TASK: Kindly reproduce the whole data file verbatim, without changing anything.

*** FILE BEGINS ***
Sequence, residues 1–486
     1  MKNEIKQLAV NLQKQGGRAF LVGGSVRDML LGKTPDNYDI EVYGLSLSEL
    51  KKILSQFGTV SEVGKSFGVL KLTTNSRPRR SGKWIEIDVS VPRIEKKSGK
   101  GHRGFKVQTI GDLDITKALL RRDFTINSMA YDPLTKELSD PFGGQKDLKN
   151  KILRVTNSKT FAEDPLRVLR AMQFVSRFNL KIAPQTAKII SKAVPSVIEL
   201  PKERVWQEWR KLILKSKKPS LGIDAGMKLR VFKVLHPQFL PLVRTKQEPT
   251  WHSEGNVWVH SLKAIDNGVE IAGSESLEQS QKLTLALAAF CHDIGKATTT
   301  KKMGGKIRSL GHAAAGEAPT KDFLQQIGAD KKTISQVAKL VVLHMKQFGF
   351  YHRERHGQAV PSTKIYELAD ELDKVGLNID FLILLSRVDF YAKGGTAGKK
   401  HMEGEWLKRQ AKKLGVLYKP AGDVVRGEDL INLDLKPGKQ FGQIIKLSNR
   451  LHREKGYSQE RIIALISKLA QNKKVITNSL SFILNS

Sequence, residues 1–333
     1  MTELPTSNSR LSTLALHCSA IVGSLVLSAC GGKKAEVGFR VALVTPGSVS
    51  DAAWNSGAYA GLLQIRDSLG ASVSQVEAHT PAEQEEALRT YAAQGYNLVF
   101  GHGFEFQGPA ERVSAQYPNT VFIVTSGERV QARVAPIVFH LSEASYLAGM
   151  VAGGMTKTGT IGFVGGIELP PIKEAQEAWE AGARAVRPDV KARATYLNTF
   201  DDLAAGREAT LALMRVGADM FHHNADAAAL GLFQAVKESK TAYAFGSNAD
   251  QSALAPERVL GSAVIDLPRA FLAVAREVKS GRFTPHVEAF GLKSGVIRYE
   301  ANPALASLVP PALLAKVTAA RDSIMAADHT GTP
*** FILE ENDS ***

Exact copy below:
Sequence, residues 1–486
     1  MKNEIKQLAV NLQKQGGRAF LVGGSVRDML LGKTPDNYDI EVYGLSLSEL
    51  KKILSQFGTV SEVGKSFGVL KLTTNSRPRR SGKWIEIDVS VPRIEKKSGK
   101  GHRGFKVQTI GDLDITKALL RRDFTINSMA YDPLTKELSD PFGGQKDLKN
   151  KILRVTNSKT FAEDPLRVLR AMQFVSRFNL KIAPQTAKII SKAVPSVIEL
   201  PKERVWQEWR KLILKSKKPS LGIDAGMKLR VFKVLHPQFL PLVRTKQEPT
   251  WHSEGNVWVH SLKAIDNGVE IAGSESLEQS QKLTLALAAF CHDIGKATTT
   301  KKMGGKIRSL GHAAAGEAPT KDFLQQIGAD KKTISQVAKL VVLHMKQFGF
   351  YHRERHGQAV PSTKIYELAD ELDKVGLNID FLILLSRVDF YAKGGTAGKK
   401  HMEGEWLKRQ AKKLGVLYKP AGDVVRGEDL INLDLKPGKQ FGQIIKLSNR
   451  LHREKGYSQE RIIALISKLA QNKKVITNSL SFILNS

Sequence, residues 1–333
     1  MTELPTSNSR LSTLALHCSA IVGSLVLSAC GGKKAEVGFR VALVTPGSVS
    51  DAAWNSGAYA GLLQIRDSLG ASVSQVEAHT PAEQEEALRT YAAQGYNLVF
   101  GHGFEFQGPA ERVSAQYPNT VFIVTSGERV QARVAPIVFH LSEASYLAGM
   151  VAGGMTKTGT IGFVGGIELP PIKEAQEAWE AGARAVRPDV KARATYLNTF
   201  DDLAAGREAT LALMRVGADM FHHNADAAAL GLFQAVKESK TAYAFGSNAD
   251  QSALAPERVL GSAVIDLPRA FLAVAREVKS GRFTPHVEAF GLKSGVIRYE
   301  ANPALASLVP PALLAKVTAA RDSIMAADHT GTP